Tom Hopkins coined the phrase, “What gets measured gets done”- the assumption being that you use the information you’ve measured to make better decisions or course-correct.

In sales organizations there can be an overwhelming amount of measuring being done, but little of it informing the “right next step”.

Put your spreadsheets aside for a moment and let’s apply the KISS principle to measuring the effectiveness of your sales organization.

1. Are you measuring against anything? I know my BMI, but unless I’m comparing it to what it should be, the number is useless. To understand the potential of your sales organization in its current state, you must be measuring against best-in-class sales organizations. Read more

I attended a meeting with some potential clients.  After we had danced through a series of topics about their company, their challenges and my company, I asked, “What have we not covered that might be important to you in making your decision?”

The prospect said, “Great closing question, Jane”.  I smiled to myself.  My intent wasn’t to ask a “closing question”, my intent was to gain a complete understanding of the situation from the prospect’s perspective. Read more

I have been slighted twice lately.  The first was recently on a plane. I was engrossed in a conversation with my seatmate.  Another passenger interrupted us to make an introduction to my traveling companion.  My companion said, “I’d like to introduce you to Jane”.  The passenger, said “Hello” and never once looked at me. Now, it may color the story to share with you that my seatmate was Gary Player, the golf legend, but that passenger couldn’t tell you anything about me – not even that I’m a woman! I was invisible to him. Read more

Talking about Accountability can be a slippery slope; especially in a society where no one seems to be accountable anymore. This is a critical principle because, without it, we will fail – not just individually, but collectively. The rules are changing, and in this new economic and political climate, accountability will mark the difference between companies who are solvent and companies who are just a memory. Read more

I’m Sorry, but. . .

Kevin, had a horrible week. He found out that his company was over 90 days on paying some third-party providers for a project with his largest client. The third-party companies were selected by, and considered partners of his client.  Kevin battled internally for a week to resolve the issue quickly and kept hitting roadblocks.

The perfect storm hit when the Principals from the third party companies were in a meeting with Kevin’s client and the client’s boss and complained about the experience they were having.  The client was embarrassed in front of his superior and became furious.  Read more

One of the most difficult questions to ask is, “How are we doing?” It can make us feel like we are opening the door for the client to begin complaining. And, that might happen. More often though, it is a relationship-building question. It shows a desire to help the client succeed.

It is easy to lose a client because you are out of touch with the relationship – because you mistakenly believe that if the client doesn’t complain, there are no problems.  Effective salespeople take the initiative by asking, “how are we doing?” and “what could we be doing better?” Read more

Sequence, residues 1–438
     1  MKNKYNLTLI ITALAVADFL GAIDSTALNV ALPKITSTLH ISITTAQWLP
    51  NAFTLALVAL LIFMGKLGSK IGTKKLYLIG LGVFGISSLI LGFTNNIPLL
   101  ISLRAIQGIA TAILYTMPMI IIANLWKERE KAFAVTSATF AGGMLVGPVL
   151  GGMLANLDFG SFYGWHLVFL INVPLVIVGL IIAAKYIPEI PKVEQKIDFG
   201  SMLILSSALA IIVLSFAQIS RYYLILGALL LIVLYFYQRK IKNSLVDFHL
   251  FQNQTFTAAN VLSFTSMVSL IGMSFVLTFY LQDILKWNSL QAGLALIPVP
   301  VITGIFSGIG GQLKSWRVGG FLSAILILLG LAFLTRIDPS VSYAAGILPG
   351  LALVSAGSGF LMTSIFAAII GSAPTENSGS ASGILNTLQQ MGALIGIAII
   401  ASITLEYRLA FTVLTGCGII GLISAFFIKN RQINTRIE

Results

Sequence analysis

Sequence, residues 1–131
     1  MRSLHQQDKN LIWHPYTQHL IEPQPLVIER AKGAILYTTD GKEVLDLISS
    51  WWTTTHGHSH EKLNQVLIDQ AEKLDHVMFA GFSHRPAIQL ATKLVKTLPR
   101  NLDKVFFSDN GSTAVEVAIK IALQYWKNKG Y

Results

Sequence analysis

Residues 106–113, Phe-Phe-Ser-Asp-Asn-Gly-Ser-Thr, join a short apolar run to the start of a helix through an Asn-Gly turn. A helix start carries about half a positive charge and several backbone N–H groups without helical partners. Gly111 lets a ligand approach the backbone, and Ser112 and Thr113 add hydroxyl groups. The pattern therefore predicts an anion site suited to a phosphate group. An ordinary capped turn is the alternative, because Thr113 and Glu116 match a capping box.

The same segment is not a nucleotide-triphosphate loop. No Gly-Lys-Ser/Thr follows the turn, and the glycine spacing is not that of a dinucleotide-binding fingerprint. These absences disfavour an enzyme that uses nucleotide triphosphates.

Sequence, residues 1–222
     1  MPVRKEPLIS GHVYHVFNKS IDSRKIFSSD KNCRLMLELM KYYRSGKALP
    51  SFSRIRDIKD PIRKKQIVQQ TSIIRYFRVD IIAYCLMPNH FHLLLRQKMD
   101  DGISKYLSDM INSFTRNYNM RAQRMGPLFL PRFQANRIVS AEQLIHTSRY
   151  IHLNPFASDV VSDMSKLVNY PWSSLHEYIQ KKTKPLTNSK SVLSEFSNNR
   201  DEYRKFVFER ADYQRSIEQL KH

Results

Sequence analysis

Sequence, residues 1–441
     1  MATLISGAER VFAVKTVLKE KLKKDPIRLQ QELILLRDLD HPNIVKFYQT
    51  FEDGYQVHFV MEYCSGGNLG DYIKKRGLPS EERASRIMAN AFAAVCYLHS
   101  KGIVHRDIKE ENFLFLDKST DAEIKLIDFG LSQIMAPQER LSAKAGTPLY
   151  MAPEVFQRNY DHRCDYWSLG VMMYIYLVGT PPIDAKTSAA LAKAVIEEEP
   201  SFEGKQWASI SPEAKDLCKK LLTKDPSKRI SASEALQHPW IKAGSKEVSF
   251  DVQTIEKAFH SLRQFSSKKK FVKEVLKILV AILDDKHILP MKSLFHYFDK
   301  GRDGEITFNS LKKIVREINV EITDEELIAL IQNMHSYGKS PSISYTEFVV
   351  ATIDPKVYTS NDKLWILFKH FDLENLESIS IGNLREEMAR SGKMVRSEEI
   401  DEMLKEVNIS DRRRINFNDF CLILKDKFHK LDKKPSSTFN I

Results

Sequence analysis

I met recently with a sales leader who asked me to help his sellers do a better job of talking with their clients about money. Money is a topic that has emotion tied to it, certainly more so than other subjects like scope, outcomes and timing. So, it is a topic widely avoided by salespeople. And yet, a seller who can successfully negotiate the “money conversation” will maintain stronger relationships with his clients. Read more

A recent Corporate Executive Board study of more than 1,400 B2B customers found that those customers completed, on average, nearly 60% of a typical purchasing decision—researching solutions, ranking options, setting requirements, benchmarking pricing, and so on—before even having a conversation with a supplier. What does that mean for the sellers who are following the old tried and true approach to the sales funnel? It means the approach is no longer true. Clients are so far along the buying process by the time we get invited to the table that sellers are being forced into more RFP pricing wars. There are four ways that sellers can change the way they approach the sales funnel. Read more

SALESFORCE PRODUCTIVITY has been one of the hot conference topics for several years. And, when they first engage me, most clients use this term to mean what you’d expect – how do I get my sellers to sell more? Often though, the easiest methods for improving productivity are in your hands. Reducing internal obstacles, improving what we used to refer to as the” sales prevention department”, is one of the fastest ways to improve your numbers.

All things being equal – you have a great brand, a great product and solid delivery – how you enable your sellers will be the differentiator in making your numbers or not. The CEB has called this ‘seller burden’ and organizations will ‘higher burden’ have at least a 12% lower conversion rate.  Here are five ways that you can pave the way for your sellers to be high performers. Read more